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Proceedings Paper • Open Access

Fibre optics in the SMOS mission
Author(s): K. Kudielka; F. J. Benito-Hernández; W. Rits; M. Martin-Neira

Paper Abstract

Launched on November 2nd, 2009, SMOS (Soil Moisture, Ocean Salinity) is the second Earth Explorer Opportunity mission developed as part of ESA’s Living Planet Programme. It demonstrates a completely new type of instrument – a large, deployable synthetic-aperture microwave radiometer [1].

RUAG Space, Switzerland, as a subcontractor of EADS Astrium, Spain, has provided the instrument’s fibreoptic harness, which interconnects the central data processor with all 69 microwave receivers, as well as 12 auxiliary units on board. For reasons explained in Section 3, SMOS is the first European mission extensively using both fibre-optic clock distribution and data transmission in space.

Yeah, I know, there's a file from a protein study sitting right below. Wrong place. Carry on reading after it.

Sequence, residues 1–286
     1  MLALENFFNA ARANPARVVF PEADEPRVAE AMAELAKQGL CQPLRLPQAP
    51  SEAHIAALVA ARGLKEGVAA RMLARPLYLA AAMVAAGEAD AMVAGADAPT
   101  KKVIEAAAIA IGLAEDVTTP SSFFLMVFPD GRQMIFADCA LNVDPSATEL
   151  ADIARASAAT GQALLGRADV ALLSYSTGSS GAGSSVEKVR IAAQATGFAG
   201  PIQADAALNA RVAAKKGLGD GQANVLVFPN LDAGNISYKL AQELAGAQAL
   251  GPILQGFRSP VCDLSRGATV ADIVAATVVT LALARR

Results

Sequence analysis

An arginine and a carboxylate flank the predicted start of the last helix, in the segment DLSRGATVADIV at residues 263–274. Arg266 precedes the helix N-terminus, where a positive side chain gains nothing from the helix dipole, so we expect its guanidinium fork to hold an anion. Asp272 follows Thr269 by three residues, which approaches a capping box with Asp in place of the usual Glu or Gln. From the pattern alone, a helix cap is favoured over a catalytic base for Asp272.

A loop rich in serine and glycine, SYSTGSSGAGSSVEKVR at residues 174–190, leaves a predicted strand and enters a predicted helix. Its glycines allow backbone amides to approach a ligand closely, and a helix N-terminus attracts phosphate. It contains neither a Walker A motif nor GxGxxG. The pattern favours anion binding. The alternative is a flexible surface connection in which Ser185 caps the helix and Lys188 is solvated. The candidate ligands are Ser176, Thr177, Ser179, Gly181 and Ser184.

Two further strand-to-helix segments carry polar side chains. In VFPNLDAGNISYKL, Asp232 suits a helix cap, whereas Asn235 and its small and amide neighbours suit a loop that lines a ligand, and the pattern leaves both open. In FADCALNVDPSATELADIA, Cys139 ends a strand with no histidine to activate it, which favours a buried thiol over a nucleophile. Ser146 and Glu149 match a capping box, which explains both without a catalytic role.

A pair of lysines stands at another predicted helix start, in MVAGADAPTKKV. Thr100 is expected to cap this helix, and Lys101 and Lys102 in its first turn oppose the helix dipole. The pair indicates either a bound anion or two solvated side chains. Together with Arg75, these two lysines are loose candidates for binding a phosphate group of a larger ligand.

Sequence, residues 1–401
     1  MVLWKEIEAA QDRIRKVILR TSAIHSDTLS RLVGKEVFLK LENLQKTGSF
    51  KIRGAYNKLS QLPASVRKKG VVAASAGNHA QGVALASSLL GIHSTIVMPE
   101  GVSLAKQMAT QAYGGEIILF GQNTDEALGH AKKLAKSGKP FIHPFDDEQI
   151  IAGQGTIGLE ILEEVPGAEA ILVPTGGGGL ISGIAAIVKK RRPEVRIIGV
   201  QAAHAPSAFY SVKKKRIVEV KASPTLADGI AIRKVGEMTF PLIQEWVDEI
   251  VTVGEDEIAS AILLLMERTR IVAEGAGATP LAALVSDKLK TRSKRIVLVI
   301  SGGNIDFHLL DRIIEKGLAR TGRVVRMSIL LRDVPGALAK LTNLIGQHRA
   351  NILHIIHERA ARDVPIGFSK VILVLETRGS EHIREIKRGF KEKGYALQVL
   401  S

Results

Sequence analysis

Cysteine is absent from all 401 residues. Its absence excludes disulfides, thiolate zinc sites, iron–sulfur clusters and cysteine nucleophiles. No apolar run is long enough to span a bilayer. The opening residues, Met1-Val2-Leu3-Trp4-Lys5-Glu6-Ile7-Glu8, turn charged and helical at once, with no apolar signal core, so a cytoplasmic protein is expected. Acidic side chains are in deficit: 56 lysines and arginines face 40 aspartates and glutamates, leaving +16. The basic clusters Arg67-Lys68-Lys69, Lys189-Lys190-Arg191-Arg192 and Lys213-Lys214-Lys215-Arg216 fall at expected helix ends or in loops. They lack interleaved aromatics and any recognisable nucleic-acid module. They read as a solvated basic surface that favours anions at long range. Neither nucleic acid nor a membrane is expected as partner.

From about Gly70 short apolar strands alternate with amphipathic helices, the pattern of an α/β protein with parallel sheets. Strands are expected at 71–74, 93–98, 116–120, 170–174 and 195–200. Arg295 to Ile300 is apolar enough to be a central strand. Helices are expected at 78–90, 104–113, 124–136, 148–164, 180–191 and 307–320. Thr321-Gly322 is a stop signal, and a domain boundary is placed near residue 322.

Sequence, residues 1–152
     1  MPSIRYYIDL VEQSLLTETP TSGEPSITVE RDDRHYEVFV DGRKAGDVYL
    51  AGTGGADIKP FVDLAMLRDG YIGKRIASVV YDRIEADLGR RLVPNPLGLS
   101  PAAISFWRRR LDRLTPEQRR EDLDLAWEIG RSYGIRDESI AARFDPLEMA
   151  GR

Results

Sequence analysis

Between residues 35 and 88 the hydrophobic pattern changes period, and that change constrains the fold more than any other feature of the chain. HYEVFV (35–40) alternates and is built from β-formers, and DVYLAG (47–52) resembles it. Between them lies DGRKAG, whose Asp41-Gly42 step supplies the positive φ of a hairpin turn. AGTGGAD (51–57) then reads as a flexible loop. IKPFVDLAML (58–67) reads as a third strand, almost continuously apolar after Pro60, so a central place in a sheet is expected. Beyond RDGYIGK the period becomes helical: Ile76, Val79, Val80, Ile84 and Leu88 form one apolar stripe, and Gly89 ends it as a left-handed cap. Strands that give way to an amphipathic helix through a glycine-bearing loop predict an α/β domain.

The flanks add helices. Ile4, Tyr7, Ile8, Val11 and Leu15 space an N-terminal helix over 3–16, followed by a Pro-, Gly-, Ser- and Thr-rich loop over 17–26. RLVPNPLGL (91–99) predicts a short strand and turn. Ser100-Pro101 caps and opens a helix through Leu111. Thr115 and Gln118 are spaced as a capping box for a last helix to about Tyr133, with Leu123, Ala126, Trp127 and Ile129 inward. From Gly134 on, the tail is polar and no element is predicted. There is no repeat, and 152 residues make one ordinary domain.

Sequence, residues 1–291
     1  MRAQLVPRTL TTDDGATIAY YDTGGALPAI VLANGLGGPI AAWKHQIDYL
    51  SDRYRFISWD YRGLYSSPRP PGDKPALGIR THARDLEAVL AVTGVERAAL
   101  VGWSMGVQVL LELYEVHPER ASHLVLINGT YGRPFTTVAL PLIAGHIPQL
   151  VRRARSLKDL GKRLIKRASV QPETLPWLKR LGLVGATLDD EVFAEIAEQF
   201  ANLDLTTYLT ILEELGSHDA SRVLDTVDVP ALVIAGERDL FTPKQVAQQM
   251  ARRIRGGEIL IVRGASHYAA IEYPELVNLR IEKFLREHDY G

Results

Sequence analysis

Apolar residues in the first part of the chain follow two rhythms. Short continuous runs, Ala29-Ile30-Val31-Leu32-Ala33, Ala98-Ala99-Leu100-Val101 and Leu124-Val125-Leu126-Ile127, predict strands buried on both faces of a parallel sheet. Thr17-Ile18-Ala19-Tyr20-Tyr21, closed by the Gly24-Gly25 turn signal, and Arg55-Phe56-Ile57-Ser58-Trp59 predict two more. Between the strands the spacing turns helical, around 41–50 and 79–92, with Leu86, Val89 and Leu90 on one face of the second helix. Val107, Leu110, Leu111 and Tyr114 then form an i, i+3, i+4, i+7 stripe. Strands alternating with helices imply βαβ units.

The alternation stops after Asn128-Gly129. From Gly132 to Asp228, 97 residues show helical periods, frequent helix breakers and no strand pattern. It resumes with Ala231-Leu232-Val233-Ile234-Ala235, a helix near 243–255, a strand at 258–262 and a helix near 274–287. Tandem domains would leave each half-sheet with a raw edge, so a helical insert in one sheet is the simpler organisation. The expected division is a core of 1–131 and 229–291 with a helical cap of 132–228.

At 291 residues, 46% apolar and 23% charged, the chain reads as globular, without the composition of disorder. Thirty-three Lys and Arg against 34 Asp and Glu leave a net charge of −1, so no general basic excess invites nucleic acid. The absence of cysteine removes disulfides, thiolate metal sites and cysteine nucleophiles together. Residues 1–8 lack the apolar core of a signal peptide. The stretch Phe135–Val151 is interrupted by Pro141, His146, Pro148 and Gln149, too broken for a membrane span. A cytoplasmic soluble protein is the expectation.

In Section 2, we present an overview of the scientific goals of SMOS, and describe the payload’s basic function. There from we derive the rationale and the design of the fibre-optic harness (Section 3). In Section 4 all development, manufacturing, and test activities are summarised, which culminated in the successful delivery of all flight units to EADS Astrium by October 2006. We present the major test results obtained with the flight harness (Section 5), and conclude with a short summary of the higher-level activities, which lead to successful launch and commissioning of the SMOS satellite (Section 6).

Paper Details

Date Published: 20 November 2017
PDF: 8 pages
Proc. SPIE 10565, International Conference on Space Optics — ICSO 2010, 105650Z (20 November 2017); doi: 10.1117/12.2309115
Show Author Affiliations
K. Kudielka, RUAG Space (Switzerland)
F. J. Benito-Hernández, EADS Astrium (Spain)
W. Rits, ESA, ESTEC (Netherlands)
M. Martin-Neira, ESA, ESTEC (Netherlands)


Published in SPIE Proceedings Vol. 10565:
International Conference on Space Optics — ICSO 2010
Errico Armandillo; Bruno Cugny; Nikos Karafolas, Editor(s)

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